September 25, 2017
Focusing on a shared dream of property possession can often help couples get into the market sooner. And purchasing a property with someone else, such as a partner, spouse, family member or friend, is an increasingly popular and viable way for many Australians to enter the property market. This is because it makes property ownership more affordable.
This strategy enables potential buyers to pool their money for a deposit and utilise their borrowing power to get a loan. Co-owners can split the cost of the property and all the associated expenses, so that repayments are noticeably less than what you’d pay if you were buying solo.
If you’re thinking of taking your relationship to the next level by purchasing your dream home with the one you love, there are a few things to consider before jumping in head first:
- Know what both parties want: When considering purchasing a property with someone else, it is important to know whether or not you both plan to live in the property, or earn income from renting it out partially or wholly. Concessions and grants along with tax breaks and other possible outcomes - both negative and positive - of an investment need to be taken into account.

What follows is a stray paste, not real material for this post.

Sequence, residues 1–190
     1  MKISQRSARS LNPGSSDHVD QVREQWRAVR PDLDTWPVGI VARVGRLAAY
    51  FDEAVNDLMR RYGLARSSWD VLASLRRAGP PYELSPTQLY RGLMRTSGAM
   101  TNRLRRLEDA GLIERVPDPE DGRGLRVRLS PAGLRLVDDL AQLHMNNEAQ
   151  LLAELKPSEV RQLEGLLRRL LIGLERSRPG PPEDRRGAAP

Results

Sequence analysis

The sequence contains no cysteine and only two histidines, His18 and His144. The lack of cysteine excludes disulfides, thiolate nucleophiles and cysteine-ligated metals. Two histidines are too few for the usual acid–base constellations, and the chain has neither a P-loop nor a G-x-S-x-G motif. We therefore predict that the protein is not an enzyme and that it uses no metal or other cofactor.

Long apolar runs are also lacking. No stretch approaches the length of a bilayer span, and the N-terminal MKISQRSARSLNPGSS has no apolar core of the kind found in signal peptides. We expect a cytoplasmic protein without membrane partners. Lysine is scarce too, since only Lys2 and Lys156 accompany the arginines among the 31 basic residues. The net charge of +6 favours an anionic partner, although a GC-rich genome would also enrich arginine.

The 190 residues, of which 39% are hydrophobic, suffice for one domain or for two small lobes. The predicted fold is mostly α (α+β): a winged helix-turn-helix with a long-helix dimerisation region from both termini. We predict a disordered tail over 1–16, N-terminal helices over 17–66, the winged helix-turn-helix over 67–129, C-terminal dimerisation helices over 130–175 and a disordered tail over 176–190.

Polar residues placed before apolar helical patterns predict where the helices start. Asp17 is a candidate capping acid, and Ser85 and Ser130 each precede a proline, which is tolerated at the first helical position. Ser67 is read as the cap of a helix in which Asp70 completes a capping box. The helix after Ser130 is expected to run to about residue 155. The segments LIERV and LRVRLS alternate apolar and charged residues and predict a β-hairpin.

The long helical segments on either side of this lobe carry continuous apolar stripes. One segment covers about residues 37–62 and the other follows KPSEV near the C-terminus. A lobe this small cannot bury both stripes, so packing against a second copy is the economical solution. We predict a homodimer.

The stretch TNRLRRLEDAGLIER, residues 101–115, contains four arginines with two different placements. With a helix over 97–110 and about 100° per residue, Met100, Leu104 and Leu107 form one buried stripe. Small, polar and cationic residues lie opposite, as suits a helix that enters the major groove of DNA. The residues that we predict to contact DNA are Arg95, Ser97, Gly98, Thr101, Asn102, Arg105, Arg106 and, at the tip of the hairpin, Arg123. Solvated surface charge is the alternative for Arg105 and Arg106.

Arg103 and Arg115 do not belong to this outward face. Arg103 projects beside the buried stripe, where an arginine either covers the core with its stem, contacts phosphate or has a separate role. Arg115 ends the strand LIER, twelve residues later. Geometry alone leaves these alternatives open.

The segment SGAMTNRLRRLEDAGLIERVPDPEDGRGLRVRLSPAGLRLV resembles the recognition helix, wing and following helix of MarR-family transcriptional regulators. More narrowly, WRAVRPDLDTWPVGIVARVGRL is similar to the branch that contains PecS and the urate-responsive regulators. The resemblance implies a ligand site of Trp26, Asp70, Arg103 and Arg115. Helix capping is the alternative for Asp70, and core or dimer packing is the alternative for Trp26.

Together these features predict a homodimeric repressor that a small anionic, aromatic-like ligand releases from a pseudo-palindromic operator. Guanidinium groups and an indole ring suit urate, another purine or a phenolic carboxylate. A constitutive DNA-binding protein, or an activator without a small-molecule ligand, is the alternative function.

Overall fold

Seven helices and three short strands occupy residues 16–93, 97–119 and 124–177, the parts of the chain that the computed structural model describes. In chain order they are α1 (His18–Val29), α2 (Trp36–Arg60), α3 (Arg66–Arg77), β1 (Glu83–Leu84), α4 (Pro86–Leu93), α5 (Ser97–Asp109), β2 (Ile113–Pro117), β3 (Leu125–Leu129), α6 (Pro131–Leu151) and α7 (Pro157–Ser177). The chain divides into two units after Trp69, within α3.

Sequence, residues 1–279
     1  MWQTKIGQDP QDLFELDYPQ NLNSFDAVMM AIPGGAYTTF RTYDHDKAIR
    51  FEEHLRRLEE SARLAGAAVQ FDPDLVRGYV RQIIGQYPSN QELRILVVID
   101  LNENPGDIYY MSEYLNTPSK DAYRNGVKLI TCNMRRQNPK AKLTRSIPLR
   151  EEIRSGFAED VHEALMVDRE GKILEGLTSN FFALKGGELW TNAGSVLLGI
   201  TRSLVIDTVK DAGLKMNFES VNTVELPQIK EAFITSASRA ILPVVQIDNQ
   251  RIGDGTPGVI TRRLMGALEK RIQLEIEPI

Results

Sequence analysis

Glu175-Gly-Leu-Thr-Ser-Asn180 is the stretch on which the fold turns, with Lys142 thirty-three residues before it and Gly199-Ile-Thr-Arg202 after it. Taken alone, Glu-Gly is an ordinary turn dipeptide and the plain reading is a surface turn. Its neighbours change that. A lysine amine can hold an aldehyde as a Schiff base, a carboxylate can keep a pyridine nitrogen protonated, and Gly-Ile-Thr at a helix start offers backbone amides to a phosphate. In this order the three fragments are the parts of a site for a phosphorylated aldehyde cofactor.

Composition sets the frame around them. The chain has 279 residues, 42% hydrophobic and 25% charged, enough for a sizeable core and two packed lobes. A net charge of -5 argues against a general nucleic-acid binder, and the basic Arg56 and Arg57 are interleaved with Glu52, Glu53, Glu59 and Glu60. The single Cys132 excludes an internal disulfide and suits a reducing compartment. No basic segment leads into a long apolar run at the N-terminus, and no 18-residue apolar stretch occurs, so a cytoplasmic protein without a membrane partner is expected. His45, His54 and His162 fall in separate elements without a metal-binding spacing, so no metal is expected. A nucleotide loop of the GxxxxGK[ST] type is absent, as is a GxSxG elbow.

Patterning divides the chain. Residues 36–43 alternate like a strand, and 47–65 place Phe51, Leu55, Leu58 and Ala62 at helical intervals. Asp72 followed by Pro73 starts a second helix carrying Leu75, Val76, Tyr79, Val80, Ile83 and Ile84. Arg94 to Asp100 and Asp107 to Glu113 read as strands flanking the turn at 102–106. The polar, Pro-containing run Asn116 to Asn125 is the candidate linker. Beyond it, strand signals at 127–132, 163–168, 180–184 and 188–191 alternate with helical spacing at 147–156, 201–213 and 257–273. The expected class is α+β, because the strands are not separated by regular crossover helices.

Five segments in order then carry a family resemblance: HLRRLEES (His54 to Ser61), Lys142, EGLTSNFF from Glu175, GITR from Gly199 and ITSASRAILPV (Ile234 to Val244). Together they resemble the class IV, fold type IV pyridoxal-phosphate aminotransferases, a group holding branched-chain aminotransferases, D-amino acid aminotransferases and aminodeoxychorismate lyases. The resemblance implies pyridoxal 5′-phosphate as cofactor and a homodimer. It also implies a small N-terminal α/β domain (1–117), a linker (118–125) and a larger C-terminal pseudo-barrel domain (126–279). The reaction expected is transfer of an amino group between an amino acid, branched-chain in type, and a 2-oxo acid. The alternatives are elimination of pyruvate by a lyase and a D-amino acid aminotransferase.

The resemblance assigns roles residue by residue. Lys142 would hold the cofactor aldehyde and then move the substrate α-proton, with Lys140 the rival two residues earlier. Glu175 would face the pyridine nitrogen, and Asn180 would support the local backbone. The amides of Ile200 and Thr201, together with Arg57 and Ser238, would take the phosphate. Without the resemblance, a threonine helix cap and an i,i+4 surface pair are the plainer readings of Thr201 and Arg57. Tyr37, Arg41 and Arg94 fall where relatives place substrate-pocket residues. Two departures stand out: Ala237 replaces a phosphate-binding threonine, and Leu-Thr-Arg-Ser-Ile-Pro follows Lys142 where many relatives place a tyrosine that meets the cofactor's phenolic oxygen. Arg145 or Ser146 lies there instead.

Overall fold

- Insurance is essential: Nobody ever expects bad things to happen, especially when you are first starting your home buying journey with that special someone. That said, accidents do happen, so it is important to have both your life and home properly insured.
- Co-ownership agreement: Not everyone purchases property with their partner or spouse; some buy with friends, family and colleagues. If you’re thinking of buying in co-ownership with another, an agreement should be drawn up as a cornerstone legal document for your investment. This will set out the roles and responsibilities of each co-owner and deal with all the important issues upfront, like what happens if one party wants to sell.
Purchasing property with a significant other is an incredible milestone and provided everything is set up well it can be both enjoyable and profitable. After a period of time, both parties can make a healthy gain from the initial investment, even using the capital or equity to buy the next property.